When the Multicultural Greek Council was first established in the spring of 1999, it consisted of a group of five multicultural fraternities and sororities who had a vision to unify all multicultural Greek organizations under one unit.

The founding members of the MGC were the undergraduate chapters of two Latina-dominant sororities, two Latino-dominant fraternities and one Asian-interest fraternity. Since the founding of the first Latino-based fraternity in 1931, chapters that promote Latino culture have grown in popularity on campuses all over the United States. Asian-interest chapters have also been on a steady rise since their founding in the early 1900s.

Since then the Multicultural Greek Council has lived up to and exceeded the mission of UR.

Today, MGC consists of 11 recognized chapters at UR. The quick growth of the MGC to such a unified council forced current modifications to its constitution and structure.

Currently, MGC is making a transition from a three-member leadership board to a five- member executive board. This transition has been made due to the great success of the MGC.

From its initial development till today, the MGC has grown both in numbers and in quality due to its members’ steadfast devotion. Members of MGC have hosted community service events, as well as academic and cultural ones.

As a result, MGC has made a great contribution to the quality of life on campus and has helped diversify the fraternity and sorority community.

The following organizations are recognized under the MGC – Alpha Phi Alpha Fraternity, Inc., Delta Sigma Theta Sorority, Inc., Lambda Pi Chi Sorority, Inc., Lambda Upsilon Lambda Fraternity, Inc., Omega Phi Beta Sorority, Inc., Phi Iota Alpha Fraternity, Inc., Pi Delta Psi Fraternity, Inc., Sigma Beta Rho Fraternity, Inc., Sigma Lambda Upsilon Sorority, Inc., Sigma Psi Zeta Sorority, Inc. and Zeta Phi Beta Sorority, Inc. We are constantly in an active effort to include the rest of UR in our future events. See you there!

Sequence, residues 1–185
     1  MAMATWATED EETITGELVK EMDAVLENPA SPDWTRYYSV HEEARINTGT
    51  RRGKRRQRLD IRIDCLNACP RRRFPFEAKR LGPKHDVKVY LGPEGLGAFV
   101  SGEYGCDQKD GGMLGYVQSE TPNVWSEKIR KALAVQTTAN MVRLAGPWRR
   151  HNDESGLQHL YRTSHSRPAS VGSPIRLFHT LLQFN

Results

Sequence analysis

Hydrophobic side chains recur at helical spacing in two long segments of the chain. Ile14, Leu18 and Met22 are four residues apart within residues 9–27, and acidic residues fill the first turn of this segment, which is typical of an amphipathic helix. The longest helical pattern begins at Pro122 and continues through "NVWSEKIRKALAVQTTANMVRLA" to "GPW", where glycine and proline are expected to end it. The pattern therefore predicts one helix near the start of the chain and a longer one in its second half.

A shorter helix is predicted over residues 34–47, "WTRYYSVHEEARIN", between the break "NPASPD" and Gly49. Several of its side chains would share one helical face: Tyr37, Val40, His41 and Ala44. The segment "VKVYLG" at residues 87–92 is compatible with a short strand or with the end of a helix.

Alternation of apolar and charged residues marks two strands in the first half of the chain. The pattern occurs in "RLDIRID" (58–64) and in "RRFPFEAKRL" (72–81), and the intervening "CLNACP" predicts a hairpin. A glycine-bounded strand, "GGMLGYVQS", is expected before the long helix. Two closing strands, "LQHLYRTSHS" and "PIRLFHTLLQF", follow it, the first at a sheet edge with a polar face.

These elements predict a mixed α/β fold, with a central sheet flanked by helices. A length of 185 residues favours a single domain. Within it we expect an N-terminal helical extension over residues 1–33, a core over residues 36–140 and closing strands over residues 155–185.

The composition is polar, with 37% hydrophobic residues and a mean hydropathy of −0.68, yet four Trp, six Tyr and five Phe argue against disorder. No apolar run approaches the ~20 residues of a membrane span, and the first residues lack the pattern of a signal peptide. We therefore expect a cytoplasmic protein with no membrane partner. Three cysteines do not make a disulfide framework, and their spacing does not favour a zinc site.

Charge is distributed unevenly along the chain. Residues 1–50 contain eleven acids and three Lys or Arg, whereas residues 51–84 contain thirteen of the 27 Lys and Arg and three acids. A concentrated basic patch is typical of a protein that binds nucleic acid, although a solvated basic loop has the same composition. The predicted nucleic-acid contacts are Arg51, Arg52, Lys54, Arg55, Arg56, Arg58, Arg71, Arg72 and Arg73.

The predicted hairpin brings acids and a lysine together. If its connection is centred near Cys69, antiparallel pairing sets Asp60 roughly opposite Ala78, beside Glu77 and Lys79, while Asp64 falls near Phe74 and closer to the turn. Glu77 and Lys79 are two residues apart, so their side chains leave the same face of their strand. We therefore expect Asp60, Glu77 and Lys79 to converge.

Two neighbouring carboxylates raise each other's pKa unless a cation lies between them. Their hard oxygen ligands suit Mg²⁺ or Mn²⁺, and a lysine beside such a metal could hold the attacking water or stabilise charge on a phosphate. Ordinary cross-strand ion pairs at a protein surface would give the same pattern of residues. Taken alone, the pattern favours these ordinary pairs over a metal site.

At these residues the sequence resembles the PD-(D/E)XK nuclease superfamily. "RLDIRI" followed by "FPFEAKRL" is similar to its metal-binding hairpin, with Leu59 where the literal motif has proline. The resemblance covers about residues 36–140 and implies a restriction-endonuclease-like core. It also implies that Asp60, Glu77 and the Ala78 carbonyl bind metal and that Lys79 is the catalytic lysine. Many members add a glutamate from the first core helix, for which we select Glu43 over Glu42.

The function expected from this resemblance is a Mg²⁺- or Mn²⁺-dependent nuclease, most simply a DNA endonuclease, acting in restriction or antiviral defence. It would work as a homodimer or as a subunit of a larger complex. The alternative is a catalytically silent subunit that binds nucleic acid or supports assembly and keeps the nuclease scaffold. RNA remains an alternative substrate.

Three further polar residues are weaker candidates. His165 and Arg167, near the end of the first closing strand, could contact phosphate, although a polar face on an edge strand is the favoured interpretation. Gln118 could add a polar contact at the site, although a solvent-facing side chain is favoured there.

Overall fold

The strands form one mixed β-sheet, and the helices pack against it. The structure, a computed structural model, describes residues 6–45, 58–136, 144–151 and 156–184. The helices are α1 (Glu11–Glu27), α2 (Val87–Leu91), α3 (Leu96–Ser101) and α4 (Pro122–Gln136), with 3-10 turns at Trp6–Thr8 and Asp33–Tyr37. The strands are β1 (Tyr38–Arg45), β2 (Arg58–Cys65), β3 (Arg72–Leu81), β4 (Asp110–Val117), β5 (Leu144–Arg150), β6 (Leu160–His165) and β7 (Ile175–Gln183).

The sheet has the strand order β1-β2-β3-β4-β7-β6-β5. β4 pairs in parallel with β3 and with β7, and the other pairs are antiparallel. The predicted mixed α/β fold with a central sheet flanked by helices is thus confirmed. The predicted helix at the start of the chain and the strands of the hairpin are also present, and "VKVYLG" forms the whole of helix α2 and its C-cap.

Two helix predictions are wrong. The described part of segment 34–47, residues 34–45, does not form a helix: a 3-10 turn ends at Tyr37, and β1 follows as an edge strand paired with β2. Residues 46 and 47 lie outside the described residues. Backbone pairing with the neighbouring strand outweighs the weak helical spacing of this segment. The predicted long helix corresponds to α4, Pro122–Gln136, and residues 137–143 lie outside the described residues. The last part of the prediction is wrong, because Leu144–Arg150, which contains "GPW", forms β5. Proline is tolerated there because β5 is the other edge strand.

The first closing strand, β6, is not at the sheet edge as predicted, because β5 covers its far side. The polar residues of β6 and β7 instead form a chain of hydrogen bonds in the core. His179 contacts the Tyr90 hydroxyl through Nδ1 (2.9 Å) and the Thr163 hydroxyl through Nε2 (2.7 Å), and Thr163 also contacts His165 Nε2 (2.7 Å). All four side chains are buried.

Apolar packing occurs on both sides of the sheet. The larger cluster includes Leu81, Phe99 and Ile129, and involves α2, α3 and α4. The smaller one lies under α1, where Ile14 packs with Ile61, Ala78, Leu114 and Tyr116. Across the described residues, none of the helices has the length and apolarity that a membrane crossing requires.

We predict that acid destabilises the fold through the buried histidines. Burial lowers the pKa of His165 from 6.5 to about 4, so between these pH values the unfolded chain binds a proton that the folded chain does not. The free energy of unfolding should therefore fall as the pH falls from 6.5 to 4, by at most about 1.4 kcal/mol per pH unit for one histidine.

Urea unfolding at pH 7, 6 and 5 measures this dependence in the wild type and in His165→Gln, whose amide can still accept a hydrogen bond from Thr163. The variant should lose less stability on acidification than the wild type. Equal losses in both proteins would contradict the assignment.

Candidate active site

Fusco can be reached at cfusco@campustimes.org.



Hippo Campus’ D-Day show was to “Ride or Die” for

Hippo Campus’ performance was a well-needed break from the craze of finals, and just as memorable as their name would suggest.

Making first impressions: Don’t get stuck in your head

Perhaps the only way to prevent yourself from sinking into that ocean of once-seen faces, to light a rescue beacon before it’s too late, is to do something remarkable.

Dinner for Peace was an unconventional way of protesting for Palestine

The dinner showcased aspects of Palestinian culture. It was a unique way of protesting against the genocide, against the Israeli occupation, against the university’s involvement with the genocide.